Appraisal – Does an Insurer Ever Lose Its Ability to Request One?

April 4, 2005

An insurer’s ability to request an appraisal of damaged property provides an opportunity to investigate a loss with great specificity as well as examine the status and necessity of repairs as they are made at the property location.

The question presented in a recent Texas appellate decision was when, if ever, does an insurer waive its right to demand an appraisal. In re: Clarendon Insurance Co., No. 2-04-305-CV, 2004 WL 2984916 (Tex.App. 2d Dist. 2004).

The facts of the case are relatively straight-forward. The insured submitted a claim to his homeowner’s insurer, Clarendon Insurance Company, for water and mold damage to his home. Clarendon retained a third-party claim administrator to help adjust the insured’s losses. After learning that the insured was a homebuilder, a representative for the third-party administrator verbally agreed to allow the insured complete his own repair work. There was no documentation identifying the amount of the loss, and the understanding was that the insured would submit his invoices on a monthly basis.

After paying the insured $263,998.50 over the course of four months, Clarendon hired a new third-party administrator to examine the claim. Shortly thereafter, Clarendon stopped making payments as the insured refused to allow a claims professional access to his home so that a determination could be made as to whether the repairs were being completed as described in invoices previously submitted to the insurer.

In response, the insured forwarded a policy limits demand to Clarendon. Subsequently, the insured filed a declaratory judgment action naming Clarendon as a defendant. During the initial phases of litigation between the parties, Clarendon sent the insured a demand for appraisal and filed a motion to dismiss the insured’s action. Clarendon maintained that the insured, pursuant to the terms of the policy, was not permitted to bring suit against Clarendon unless he had complied with all of the policy terms, i.e. allowed the insurer access to the damaged property. In the alternative, Clarendon argued that the insured’s suit should be abated pending the outcome of the requested appraisal.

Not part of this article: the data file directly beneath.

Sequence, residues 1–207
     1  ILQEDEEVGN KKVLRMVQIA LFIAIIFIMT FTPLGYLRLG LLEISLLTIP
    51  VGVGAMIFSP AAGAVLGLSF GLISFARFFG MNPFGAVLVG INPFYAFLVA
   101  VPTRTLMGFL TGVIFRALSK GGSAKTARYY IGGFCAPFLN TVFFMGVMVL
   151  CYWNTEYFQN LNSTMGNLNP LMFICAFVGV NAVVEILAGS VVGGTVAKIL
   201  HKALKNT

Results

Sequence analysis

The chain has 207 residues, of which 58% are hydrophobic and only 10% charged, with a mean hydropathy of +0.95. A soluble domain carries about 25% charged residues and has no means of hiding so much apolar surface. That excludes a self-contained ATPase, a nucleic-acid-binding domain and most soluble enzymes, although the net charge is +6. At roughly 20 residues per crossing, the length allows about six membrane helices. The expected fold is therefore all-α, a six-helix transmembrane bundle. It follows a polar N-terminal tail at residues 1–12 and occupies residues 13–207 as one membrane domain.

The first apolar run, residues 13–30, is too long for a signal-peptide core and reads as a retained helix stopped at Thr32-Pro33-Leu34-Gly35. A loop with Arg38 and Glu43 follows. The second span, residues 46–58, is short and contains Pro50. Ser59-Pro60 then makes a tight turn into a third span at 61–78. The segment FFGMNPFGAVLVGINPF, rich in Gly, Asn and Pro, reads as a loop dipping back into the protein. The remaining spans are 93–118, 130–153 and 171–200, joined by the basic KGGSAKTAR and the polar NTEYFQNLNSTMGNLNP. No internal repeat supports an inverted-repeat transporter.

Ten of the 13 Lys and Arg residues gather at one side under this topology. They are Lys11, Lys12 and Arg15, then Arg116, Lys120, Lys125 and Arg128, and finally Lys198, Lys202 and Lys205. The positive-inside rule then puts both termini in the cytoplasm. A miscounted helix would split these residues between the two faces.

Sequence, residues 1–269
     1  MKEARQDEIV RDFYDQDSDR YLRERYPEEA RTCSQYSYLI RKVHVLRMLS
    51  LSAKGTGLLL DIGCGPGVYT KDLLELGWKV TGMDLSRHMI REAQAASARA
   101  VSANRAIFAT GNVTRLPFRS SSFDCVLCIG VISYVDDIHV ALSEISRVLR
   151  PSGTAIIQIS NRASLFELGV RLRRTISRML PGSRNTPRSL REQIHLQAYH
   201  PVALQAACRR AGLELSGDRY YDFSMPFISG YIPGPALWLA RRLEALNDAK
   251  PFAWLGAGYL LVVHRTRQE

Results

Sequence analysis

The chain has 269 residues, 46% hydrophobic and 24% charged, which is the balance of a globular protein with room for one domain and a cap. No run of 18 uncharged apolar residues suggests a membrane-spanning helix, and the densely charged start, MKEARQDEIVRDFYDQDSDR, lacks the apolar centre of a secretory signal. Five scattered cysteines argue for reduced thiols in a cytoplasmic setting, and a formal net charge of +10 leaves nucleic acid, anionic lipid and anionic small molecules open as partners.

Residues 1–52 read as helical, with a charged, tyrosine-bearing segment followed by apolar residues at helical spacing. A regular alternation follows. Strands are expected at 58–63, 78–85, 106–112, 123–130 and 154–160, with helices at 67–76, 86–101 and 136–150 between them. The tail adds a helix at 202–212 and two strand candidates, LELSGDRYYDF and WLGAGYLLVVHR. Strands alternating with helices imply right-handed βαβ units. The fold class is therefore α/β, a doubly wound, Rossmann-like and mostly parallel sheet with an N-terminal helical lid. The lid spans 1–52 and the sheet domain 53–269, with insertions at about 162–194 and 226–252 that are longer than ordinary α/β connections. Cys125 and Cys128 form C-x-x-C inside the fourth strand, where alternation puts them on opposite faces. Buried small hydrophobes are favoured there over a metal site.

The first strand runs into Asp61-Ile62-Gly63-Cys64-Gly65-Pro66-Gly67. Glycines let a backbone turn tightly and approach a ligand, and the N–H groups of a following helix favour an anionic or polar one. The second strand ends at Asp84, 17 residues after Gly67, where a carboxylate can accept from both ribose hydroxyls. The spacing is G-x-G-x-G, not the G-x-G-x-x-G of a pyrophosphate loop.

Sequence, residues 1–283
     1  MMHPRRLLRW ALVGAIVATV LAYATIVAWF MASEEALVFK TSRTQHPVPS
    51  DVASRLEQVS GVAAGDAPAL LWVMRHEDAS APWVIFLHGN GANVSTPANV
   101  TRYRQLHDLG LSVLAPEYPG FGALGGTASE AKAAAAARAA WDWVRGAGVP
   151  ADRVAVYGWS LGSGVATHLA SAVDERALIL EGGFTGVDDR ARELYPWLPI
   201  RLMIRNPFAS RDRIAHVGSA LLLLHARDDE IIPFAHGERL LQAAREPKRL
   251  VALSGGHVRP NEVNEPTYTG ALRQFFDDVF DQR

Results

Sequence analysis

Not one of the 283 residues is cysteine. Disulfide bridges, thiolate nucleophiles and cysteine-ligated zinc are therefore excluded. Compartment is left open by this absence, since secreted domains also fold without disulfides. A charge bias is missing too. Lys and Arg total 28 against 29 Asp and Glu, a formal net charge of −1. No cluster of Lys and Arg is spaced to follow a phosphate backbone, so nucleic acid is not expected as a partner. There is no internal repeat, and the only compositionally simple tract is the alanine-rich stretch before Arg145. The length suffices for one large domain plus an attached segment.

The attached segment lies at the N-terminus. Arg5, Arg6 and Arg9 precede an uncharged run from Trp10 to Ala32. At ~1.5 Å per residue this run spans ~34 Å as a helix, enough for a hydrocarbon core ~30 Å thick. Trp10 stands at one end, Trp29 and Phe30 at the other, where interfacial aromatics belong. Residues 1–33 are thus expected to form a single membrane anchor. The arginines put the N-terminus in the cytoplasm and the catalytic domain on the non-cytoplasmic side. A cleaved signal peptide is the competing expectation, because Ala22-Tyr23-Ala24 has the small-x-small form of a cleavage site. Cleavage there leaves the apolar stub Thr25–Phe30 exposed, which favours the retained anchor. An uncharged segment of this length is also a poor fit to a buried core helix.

The trial court denied Clarendon’s motion to dismiss or in the alternative to abate. In addition, the trial court granted a motion by the insured to strike Clarendon’s appraisal demand.

The Second District of the Texas Court of Appeals held that Clarendon did not waive its ability to request an appraisal. The court noted that (1) the insurance policy did not contain a deadline for demanding an appraisal; and (2) Clarendon had always intended to compare the repairs completed at the subject property with the invoices submitted for the work. The Appellate Court emphasized that an appraisal only became necessary when Clarendon was denied access to the property and the insurer should not be deprived of a right that could be found in the insurance contract.

The Appellate Court also disagreed with the insured’s proposition that Clarendon was not entitled to mandamus relief because Clarendon had an adequate remedy of law (i.e. the ability to confirm the work through a request for inspection of the subject premises pursuant to the Texas Rules of Civil Procedure). In supporting Clarendon on the issue, the Court reasoned that any attempt to deprive Clarendon of its requested appraisal would prevent Clarendon from obtaining an independent valuation of the repairs. Thus, Clarendon’s appraisal right was directly at issue and gave Clarendon the right to pursue an appellate answer on the questions presented.

Appraisals are a valuable tool used by insurers to address claim situations with their insureds. Some may contend that allowing an insurer to request an appraisal at a later stage of the claims process hinders an insured’s ability to reach a timely resolution of its claim. Others would contend that the insurer’s right to request an appraisal reduces costs associated with potentially unnecessary litigation and reduces the incidence of fraud.

At least for this court, an insurer’s ability to demand an appraisal could not be superceded by a lengthy passage of time between the submission of the claim and actual appraisal request.

Andrew S. Boris is a partner in the Chicago office of Tressler Soderstrom Maloney & Priess. His practice is focused on litigation and arbitration of insurance coverage and reinsurance matters throughout the country, including general coverage, directors and officers liability, professional liability, environmental, and asbestos cases. Questions and responses to this article are welcome at The Tip of the Month runs each month on

Was this article valuable?

Here are more articles you may enjoy.